Sixteen young Europeans, FNF scholarship holders and partners, came to Brussels from the 9th till 12th of July at the invitation of the Friedrich Naumann Foundation for Freedom to talk about the “Added value of the EU”. They discussed today’s most topical issues, such as Brexit, Trade war with Trump and populism. This third edition of the Europaforum hosted participants from Afghanistan, Austria, France, Germany, Greece, Hungary, Iran, Poland and the UK.
The event started off with an internal discussion about the added value that the European Union offers to each citizen. Participants shared their own stories, talked about the advantages, such as freedom of movement, but also expressed their worries regarding populism. Bram Delen, spokesperson of Guy Verhofstadt, spoke with the group about populism and surprised with the assessment that Donald Trump would be more an anti-elite person than a populist.
The second day of the programme was entirely taking place in the European Parliament, where the group was hosted by Gesine Meißner MEP and her Parliamentary Assistant Klaas de Boer. In that context, the participants got the opportunity to follow a committee meeting, get a guided tour of the Parliament and to understand the functioning of the EU institutions.
One of the most appreciated speakers was Sir Graham Watson, who shared his personal response to Brexit. With a little chance of maybe 20%, he still believes that Brexit can be stopped. Especially, the current developments would be giving hope for another referendum to finally decide if Great Britain should leave the European Union or not.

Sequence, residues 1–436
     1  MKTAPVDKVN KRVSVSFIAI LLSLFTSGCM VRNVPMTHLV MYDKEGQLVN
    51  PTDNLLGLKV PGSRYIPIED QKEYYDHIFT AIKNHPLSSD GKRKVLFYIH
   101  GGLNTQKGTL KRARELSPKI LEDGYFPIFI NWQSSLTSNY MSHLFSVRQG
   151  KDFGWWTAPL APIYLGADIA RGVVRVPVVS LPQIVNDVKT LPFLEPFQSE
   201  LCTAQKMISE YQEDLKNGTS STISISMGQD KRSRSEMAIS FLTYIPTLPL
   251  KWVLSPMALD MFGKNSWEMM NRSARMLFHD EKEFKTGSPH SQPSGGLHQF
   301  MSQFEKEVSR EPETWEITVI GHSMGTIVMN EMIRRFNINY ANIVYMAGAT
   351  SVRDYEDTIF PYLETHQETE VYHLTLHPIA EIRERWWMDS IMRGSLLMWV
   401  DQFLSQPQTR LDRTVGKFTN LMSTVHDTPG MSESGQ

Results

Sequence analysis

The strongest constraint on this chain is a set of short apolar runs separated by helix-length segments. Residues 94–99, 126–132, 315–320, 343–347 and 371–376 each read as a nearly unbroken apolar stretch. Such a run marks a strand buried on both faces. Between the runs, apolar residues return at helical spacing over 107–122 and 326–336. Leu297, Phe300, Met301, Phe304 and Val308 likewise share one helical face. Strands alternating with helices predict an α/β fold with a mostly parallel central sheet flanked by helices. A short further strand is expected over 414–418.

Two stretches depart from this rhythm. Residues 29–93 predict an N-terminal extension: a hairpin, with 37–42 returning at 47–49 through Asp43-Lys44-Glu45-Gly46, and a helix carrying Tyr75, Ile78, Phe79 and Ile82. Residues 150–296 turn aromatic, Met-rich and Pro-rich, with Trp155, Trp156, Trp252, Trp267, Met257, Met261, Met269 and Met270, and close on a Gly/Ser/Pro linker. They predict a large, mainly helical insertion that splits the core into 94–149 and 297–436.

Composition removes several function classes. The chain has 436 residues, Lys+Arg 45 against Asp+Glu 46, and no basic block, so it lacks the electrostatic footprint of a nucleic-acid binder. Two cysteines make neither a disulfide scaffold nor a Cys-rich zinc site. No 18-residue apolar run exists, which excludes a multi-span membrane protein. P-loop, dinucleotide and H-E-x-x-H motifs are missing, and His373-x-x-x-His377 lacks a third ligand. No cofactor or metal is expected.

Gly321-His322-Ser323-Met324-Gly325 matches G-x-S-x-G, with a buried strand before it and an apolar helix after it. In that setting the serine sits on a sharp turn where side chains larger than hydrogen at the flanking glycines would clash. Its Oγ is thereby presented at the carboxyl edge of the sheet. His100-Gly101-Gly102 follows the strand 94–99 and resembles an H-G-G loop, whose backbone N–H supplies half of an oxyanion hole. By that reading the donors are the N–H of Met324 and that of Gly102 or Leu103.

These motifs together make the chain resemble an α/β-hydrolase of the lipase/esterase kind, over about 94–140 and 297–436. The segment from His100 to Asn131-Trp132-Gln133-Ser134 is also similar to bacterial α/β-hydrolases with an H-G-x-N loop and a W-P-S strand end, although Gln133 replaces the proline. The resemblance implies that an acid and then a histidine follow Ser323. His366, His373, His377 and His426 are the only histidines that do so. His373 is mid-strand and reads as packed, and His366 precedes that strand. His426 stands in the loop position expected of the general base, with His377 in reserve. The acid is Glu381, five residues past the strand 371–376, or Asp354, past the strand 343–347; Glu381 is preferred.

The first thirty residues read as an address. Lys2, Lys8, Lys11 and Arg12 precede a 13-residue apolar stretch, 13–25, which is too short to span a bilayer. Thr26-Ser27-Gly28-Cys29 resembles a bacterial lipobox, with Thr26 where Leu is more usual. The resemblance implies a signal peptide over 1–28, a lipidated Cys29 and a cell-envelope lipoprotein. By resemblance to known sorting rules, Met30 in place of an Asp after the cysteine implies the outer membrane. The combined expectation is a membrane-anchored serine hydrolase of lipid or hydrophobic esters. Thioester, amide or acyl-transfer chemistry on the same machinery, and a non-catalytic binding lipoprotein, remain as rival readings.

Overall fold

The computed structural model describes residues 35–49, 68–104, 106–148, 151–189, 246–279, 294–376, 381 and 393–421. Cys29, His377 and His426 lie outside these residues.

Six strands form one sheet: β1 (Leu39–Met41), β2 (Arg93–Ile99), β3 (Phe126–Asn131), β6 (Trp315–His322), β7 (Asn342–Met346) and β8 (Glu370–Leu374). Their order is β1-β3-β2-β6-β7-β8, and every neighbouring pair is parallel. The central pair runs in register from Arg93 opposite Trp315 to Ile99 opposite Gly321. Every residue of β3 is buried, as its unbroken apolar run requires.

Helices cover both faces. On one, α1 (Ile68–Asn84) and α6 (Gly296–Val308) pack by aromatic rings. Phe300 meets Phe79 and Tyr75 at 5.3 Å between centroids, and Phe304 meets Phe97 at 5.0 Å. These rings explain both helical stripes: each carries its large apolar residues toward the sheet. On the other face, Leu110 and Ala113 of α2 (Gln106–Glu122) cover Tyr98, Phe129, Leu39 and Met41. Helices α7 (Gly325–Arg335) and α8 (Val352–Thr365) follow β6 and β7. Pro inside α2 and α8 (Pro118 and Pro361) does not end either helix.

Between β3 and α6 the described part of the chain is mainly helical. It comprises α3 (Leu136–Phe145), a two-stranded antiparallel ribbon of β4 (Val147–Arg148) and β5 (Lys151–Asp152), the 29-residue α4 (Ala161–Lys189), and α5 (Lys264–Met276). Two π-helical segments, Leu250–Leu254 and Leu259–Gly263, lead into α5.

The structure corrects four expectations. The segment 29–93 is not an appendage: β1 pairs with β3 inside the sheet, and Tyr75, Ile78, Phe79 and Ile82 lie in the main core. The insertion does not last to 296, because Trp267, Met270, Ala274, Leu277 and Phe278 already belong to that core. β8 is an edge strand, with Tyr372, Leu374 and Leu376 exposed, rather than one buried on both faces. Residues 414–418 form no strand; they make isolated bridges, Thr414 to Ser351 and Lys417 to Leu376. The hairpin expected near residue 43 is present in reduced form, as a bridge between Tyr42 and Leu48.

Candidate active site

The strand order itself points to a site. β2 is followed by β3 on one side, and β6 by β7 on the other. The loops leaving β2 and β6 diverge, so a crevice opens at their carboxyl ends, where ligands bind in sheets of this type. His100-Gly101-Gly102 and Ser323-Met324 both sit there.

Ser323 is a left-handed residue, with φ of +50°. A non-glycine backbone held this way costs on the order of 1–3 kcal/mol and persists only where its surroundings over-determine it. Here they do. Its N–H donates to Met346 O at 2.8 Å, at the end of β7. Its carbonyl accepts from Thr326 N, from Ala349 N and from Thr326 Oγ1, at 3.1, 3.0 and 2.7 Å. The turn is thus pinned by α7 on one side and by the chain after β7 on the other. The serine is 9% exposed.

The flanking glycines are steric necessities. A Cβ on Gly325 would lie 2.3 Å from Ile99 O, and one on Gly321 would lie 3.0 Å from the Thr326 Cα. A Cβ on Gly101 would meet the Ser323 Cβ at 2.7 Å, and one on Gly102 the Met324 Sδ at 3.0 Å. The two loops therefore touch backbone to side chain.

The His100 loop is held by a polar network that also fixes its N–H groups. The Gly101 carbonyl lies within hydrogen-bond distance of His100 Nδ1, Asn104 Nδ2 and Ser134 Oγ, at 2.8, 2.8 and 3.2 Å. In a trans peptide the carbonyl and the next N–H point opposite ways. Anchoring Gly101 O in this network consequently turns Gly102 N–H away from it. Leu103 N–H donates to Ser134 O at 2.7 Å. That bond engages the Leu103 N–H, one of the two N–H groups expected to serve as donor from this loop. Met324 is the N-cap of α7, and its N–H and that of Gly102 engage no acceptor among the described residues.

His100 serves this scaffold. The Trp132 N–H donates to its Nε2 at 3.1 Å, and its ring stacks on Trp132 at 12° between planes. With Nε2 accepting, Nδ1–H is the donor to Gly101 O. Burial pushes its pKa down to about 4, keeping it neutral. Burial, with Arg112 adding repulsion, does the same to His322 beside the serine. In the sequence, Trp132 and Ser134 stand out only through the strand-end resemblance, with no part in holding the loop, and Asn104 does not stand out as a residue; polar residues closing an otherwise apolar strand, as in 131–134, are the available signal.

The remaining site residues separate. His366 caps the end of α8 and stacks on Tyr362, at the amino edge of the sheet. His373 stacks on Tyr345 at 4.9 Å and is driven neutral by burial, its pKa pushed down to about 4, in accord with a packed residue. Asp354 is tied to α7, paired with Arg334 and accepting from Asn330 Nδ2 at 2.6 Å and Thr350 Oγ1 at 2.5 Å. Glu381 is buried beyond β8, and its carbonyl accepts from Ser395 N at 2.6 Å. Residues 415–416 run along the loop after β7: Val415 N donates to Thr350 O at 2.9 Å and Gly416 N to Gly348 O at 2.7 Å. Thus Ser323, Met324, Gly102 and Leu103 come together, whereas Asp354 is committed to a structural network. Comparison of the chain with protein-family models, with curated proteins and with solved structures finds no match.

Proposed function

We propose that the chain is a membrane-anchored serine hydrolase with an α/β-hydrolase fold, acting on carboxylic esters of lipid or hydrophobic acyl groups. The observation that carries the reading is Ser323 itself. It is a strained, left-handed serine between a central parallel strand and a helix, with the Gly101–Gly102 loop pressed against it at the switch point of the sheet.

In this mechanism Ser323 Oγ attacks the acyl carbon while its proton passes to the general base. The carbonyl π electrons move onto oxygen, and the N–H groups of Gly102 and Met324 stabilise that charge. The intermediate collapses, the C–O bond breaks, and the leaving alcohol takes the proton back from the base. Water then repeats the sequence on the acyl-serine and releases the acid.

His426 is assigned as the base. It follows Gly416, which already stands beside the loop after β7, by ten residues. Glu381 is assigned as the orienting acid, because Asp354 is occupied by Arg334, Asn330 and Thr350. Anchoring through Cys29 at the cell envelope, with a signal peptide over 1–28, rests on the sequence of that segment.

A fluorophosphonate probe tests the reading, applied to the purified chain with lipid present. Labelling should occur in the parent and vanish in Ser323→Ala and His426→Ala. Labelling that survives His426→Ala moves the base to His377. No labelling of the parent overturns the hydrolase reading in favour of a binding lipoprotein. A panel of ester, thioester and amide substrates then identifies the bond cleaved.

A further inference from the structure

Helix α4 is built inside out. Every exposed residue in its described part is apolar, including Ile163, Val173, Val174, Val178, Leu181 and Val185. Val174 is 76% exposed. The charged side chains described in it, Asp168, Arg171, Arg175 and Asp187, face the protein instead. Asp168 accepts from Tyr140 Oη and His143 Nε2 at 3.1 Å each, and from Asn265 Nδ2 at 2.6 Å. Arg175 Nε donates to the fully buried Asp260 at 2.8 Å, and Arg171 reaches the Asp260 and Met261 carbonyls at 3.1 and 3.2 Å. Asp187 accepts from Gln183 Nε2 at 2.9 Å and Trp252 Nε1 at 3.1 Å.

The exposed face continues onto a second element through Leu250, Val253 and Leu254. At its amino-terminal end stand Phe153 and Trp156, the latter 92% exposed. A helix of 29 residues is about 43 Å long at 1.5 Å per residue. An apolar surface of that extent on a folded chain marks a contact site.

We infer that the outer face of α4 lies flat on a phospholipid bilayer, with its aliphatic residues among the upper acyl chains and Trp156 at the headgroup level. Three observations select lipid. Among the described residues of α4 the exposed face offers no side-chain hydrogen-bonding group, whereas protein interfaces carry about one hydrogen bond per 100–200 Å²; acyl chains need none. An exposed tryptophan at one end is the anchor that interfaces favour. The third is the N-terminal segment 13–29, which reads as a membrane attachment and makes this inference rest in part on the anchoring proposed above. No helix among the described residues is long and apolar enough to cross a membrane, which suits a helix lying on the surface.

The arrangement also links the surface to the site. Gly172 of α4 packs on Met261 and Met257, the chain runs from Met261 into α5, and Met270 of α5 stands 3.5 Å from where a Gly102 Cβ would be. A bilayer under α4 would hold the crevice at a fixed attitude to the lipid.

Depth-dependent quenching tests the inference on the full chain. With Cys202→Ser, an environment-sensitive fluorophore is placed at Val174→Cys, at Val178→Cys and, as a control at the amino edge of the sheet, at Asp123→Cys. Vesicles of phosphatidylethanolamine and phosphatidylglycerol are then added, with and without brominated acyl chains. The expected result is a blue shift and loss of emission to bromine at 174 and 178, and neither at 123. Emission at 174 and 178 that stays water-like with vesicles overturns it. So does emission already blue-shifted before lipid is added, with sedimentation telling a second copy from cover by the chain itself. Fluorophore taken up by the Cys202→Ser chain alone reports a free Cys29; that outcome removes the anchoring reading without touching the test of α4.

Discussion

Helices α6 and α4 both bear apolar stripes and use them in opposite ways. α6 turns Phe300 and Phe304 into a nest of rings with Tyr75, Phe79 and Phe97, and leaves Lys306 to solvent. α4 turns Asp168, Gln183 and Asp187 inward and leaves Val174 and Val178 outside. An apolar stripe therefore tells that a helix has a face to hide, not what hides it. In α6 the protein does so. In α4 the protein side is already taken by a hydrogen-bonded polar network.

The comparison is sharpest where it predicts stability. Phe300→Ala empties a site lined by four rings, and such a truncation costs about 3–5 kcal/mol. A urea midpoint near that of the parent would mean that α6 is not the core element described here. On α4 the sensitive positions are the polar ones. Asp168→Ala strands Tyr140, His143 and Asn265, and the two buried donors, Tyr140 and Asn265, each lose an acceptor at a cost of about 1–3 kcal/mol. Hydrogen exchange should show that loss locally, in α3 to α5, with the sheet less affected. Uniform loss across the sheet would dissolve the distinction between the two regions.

Joachim Ott from DG Communication and Javier Corrales Ciganda, an Assistant in the European Parliament, explained the possibilities to get engaged on European level. Joachim Ott valued the participants’ engagement and also explained the difficulties of the European Commission to communicate directly with citizens as it is obliged to remain politically neutral. Javier Corrales Ciganda added that the opportunities the European Parliament offers, mainly the Petitions Committee and the European Citizen’s Initiative, are also not yet known by everyone. Participants added that it is difficult to reach people not interested in European politics and that the advantages of the EU – such as free movement – are commonly taken for granted and that the focus lies on the dividing elements.
The difficulty of reaching people with the right message is connected to the problem of fake news threatening democracy within the European Union. Paolo Cesarini, Head of Unit of Media Convergence and Social Media in the European Commission, and Jakub Kalenský from the East StratCom Task Force, explained their approaches and responses to the issue of fake news. Most of the time, fake news are somehow in a legal grey area, so the Commission believes that only a self-regulatory process by which the companies abide, can address the most pressing challenges regarding fake news. Jakub Kalenský’s task force focuses on the issue of Russia’s influence on the Brexit campaign and the US elections. The goal of the task force is to create awareness among journalists and to avoid the influence of external actors on internal European issues.
In conclusion, all participants appreciated the opportunity to exchange their ideas, get to know the European Union better and understand the processes associated with it. They learnt new ways how to bring Europe to their local level, how to deal with fake news, and how to keep a positive attitude towards the European Union.
Frauke Ohler, Student Assistant, Friedrich Naumann Foundation for Freedom